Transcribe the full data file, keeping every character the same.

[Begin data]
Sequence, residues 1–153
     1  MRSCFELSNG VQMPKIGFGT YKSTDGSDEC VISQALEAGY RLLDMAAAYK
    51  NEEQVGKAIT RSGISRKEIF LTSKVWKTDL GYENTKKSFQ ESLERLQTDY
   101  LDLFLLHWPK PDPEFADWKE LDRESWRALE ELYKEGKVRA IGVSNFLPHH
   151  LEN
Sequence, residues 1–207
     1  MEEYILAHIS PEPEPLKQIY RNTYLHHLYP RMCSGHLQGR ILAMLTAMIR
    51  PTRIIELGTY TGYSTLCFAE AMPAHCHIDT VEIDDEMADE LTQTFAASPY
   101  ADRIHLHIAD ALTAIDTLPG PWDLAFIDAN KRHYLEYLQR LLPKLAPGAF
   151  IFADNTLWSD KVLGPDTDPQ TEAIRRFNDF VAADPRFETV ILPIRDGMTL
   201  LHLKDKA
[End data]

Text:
Sequence, residues 1–153
     1  MRSCFELSNG VQMPKIGFGT YKSTDGSDEC VISQALEAGY RLLDMAAAYK
    51  NEEQVGKAIT RSGISRKEIF LTSKVWKTDL GYENTKKSFQ ESLERLQTDY
   101  LDLFLLHWPK PDPEFADWKE LDRESWRALE ELYKEGKVRA IGVSNFLPHH
   151  LEN
Sequence, residues 1–207
     1  MEEYILAHIS PEPEPLKQIY RNTYLHHLYP RMCSGHLQGR ILAMLTAMIR
    51  PTRIIELGTY TGYSTLCFAE AMPAHCHIDT VEIDDEMADE LTQTFAASPY
   101  ADRIHLHIAD ALTAIDTLPG PWDLAFIDAN KRHYLEYLQR LLPKLAPGAF
   151  IFADNTLWSD KVLGPDTDPQ TEAIRRFNDF VAADPRFETV ILPIRDGMTL
   201  LHLKDKA